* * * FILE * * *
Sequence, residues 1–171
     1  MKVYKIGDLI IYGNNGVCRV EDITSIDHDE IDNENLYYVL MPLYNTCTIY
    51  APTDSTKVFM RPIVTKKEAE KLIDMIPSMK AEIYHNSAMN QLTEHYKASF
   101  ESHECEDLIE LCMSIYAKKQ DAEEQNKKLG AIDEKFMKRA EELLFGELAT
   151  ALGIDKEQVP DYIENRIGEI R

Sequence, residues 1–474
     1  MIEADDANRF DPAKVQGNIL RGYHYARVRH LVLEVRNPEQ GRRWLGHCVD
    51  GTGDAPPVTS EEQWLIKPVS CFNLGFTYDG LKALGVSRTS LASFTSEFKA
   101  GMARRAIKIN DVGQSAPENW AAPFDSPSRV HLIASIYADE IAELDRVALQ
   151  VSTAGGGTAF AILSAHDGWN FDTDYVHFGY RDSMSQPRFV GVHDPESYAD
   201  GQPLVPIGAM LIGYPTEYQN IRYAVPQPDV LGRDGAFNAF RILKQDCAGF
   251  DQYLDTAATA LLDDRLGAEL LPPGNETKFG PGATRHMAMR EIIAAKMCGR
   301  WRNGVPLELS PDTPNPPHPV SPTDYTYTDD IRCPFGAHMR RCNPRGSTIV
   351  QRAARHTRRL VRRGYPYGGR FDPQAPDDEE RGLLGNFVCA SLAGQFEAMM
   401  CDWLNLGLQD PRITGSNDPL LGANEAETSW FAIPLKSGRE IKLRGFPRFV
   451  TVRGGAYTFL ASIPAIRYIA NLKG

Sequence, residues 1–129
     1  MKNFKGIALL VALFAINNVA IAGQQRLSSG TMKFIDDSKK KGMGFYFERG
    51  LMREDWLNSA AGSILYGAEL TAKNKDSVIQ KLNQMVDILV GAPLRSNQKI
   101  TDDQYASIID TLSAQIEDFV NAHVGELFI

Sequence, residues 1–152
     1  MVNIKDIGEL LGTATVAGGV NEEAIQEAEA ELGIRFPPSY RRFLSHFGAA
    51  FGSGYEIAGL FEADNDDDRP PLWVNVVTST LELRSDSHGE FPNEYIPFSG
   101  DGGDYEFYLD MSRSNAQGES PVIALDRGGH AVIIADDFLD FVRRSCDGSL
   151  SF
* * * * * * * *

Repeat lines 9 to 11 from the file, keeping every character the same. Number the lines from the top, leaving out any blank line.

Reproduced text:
   101  GMARRAIKIN DVGQSAPENW AAPFDSPSRV HLIASIYADE IAELDRVALQ
   151  VSTAGGGTAF AILSAHDGWN FDTDYVHFGY RDSMSQPRFV GVHDPESYAD
   201  GQPLVPIGAM LIGYPTEYQN IRYAVPQPDV LGRDGAFNAF RILKQDCAGF